Royal National Theatre

Royal National Theatre

Coordinates: 51°30′26″N 0°06′51″W / 51.5071°N 0.1141°W / 51.5071; -0.1141

National Theatre

The National Theatre from Waterloo Bridge
Royal National Theatre is located in Central London
Location within Central London
Address South Bank
City Lambeth, London
Designation Grade II*
Architect Denys Lasdun
Capacity Olivier Theatre 1,160 seats
Lyttelton Theatre 890 seats
Cottesloe Theatre 400 seats
Type National theatre
Opened 1976
Production Repertory

The Royal National Theatre (generally known as the National Theatre and commonly as The National) in London is one of the United Kingdom's two most prominent publicly funded theatre companies, alongside the Royal Shakespeare Company. Internationally, it is styled the National Theatre of Great Britain.[1]

From its foundation in 1963 until 1976, the company was based at the Old Vic theatre in Waterloo. The current building was designed by architects Sir Denys Lasdun and Peter Softley and contains three stages, which opened individually between 1976 and 1977.[2] It is located next to the Thames in the South Bank area of central London. In addition to performances at the National Theatre building, the National Theatre company continues to perform touring productions at theatres across the United Kingdom.[3]

Since 1988, the theatre has been permitted to call itself the Royal National Theatre, but the full title is rarely used. The theatre presents a varied programme, including Shakespeare and other international classic drama; and new plays by contemporary playwrights. Each auditorium in the theatre can run up to three shows in repertoire, thus further widening the number of plays which can be put on during any one season.

In the 2009-2010 season, the theatre began National Theatre Live (NTLive!), a program of simulcasts of live productions to movie theater venues in other cities, first in the United Kingdom and then internationally. The first season, it broadcast productions of three plays. In the 2010-2011 season, it is adding broadcast productions by other companies, in partnership with Complicite and Donmar Warehouse.

The NT has an annual turnover of approximately £54 million (in 2008–09). Earned income made up approximately 54% of this total (34% from ticket sales and 20% as revenue from the restaurants, bookshops, etc.). Support from the Arts Council and a number of smaller government grants provided 35% of this income, and the remaining 11% came from a mixture of private support from companies, individuals, trusts and foundations.[4]



In 1847, a critic using the pseudonym Dramaticus published a pamphlet[5] describing the parlous state of British theatre. Production of serious plays was restricted to the patent theatres, and new plays were subjected to censorship by the Lord Chamberlain's Office. At the same time, there was a burgeoning theatre sector featuring a diet of low melodrama and musical burlesque; but critics described British theatre as driven by commercialism and a 'star' system. There was a demand to commemorate serious theatre, with the "Shakespeare Committee" purchasing the playwright's birthplace for the nation demonstrating a recognition of the importance of 'serious drama'. The following year saw more pamphlets on a demand for a National Theatre from London publisher, Effingham William Wilson.[6] The situation continued, with a renewed call every decade for a National Theatre. Attention was aroused in 1879 when the Comédie-Française took a residency at the Gaiety Theatre, described in The Times as representing "the highest aristocracy of the theatre". The principal demands now coalesced around: a structure in the capital that would present "exemplary theatre"; that would form a permanent memorial to Shakespeare; a supported company that would represent the best of British acting; and a theatre school.[7]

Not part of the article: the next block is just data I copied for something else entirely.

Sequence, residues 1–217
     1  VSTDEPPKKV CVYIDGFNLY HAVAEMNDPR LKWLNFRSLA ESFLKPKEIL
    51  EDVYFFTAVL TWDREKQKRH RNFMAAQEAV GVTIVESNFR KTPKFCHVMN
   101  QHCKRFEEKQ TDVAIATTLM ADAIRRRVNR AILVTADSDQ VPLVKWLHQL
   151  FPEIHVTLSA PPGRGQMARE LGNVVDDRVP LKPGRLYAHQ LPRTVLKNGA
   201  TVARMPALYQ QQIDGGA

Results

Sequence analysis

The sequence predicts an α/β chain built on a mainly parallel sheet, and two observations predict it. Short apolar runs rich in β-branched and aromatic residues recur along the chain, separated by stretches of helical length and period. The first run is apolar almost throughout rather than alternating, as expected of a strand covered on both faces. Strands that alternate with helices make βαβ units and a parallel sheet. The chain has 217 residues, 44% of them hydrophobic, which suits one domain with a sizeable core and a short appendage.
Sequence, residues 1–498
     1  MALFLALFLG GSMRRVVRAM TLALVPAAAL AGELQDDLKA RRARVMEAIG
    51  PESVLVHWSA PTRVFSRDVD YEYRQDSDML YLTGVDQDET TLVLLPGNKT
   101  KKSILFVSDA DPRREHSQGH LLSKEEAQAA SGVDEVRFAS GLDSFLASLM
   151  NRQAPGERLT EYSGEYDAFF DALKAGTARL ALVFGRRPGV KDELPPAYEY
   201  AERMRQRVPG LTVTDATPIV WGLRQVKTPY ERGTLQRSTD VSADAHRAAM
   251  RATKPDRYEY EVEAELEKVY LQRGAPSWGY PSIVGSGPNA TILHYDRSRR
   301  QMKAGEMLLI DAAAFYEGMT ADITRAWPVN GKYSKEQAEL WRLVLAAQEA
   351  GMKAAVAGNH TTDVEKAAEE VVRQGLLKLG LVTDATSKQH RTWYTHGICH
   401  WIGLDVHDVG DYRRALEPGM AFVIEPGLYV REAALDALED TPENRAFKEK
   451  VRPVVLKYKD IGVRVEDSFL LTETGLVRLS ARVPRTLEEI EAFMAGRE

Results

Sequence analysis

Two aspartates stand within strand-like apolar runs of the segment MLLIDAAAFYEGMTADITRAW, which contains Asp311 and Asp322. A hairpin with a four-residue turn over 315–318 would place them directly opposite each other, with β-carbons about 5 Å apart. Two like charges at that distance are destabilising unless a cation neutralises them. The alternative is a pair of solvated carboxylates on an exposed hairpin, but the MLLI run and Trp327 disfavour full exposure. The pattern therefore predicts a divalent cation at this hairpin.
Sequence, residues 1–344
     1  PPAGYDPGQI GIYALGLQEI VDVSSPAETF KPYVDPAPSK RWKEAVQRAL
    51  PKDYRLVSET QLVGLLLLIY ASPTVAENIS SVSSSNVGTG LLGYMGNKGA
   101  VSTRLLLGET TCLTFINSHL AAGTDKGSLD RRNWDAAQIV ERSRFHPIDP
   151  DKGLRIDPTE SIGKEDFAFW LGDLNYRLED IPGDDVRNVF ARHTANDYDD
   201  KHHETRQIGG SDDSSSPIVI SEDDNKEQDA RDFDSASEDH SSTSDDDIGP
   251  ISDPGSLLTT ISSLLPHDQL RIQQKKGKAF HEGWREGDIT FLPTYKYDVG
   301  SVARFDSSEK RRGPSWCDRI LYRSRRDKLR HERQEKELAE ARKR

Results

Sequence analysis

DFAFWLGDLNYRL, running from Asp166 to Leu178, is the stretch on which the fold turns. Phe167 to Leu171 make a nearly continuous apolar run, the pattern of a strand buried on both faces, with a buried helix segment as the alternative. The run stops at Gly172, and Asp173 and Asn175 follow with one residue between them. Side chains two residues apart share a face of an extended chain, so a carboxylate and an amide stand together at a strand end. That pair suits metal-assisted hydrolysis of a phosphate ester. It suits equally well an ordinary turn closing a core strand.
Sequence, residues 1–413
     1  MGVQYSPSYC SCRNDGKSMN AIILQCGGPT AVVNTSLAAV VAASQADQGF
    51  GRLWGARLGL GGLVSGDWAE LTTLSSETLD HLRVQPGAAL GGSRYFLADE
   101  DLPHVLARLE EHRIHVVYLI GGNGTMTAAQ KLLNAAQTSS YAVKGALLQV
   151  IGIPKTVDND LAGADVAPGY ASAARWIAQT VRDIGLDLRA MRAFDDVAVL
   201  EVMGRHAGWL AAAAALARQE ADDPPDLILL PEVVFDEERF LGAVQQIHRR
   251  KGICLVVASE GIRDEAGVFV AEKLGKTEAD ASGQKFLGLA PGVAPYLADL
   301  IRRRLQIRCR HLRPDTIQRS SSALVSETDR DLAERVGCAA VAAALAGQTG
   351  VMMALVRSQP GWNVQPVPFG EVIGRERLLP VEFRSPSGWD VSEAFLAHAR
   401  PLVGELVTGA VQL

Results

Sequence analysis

The Shakespeare Memorial Theatre was opened in Stratford upon Avon on 23 April 1879, with the New Shakespeare Company (now the Royal Shakespeare Company); and Herbert Beerbohm Tree founded an Academy of Dramatic Art at Her Majesty's Theatre in 1904. This still left the capital without a national theatre. A London Shakespeare League was founded in 1902 to develop a Shakespeare National Theatre and – with the impending tri-centenary in 1916 of his death – in 1913 purchased land for a theatre in Bloomsbury. This work was interrupted by World War I.

Finally, in 1948, the London County Council presented a site close to the Royal Festival Hall for the purpose, and a "National Theatre Act", offering financial support, was passed by Parliament in 1949.[8] Ten years after the foundation stone had been laid in 1951, the Government declared that the nation could not afford a National Theatre; in response the LCC offered to waive any rent and pay half the construction costs. Still, the Government tried to apply unacceptable conditions in order to save money; attempting to force the amalgamation of the existing publicly supported companies: the RSC, Sadler's Wells and Old Vic.[8]

In July 1962, with agreements finally reached, a board was set up to supervise construction, and a separate board was constituted to run a National Theatre Company and lease the Old Vic theatre. The "National Theatre Company" opened on 22 October 1963 with Hamlet. The Company was to remain at the Old Vic until 1976, when construction of the Olivier was complete.[8]


The National Theatre building houses three separate auditoria:

  • The Olivier Theatre (named after the theatre's first artistic director, Laurence Olivier), is the main auditorium, and was modelled on the ancient Greek theatre at Epidaurus; it has an open stage and a fan-shaped audience seating area for 1,160 people.[9] An ingenious 'drum revolve' (a five-storey revolving stage section) extends eight metres beneath the stage and is operated by a single staff member. The drum has two rim revolves and two platforms, each of which can carry ten tonnes, facilitating dramatic and fluid scenery changes. Its design ensures that the audience's view is not blocked from any seat, and that the audience is fully visible to actors from the stage's centre. Designed in the 1970s and a prototype of current technology, the drum revolve and a multiple 'sky hook' flying system were initially very controversial and required ten years to commission, but seem to have fulfilled the objective of functionality with high productivity.[10]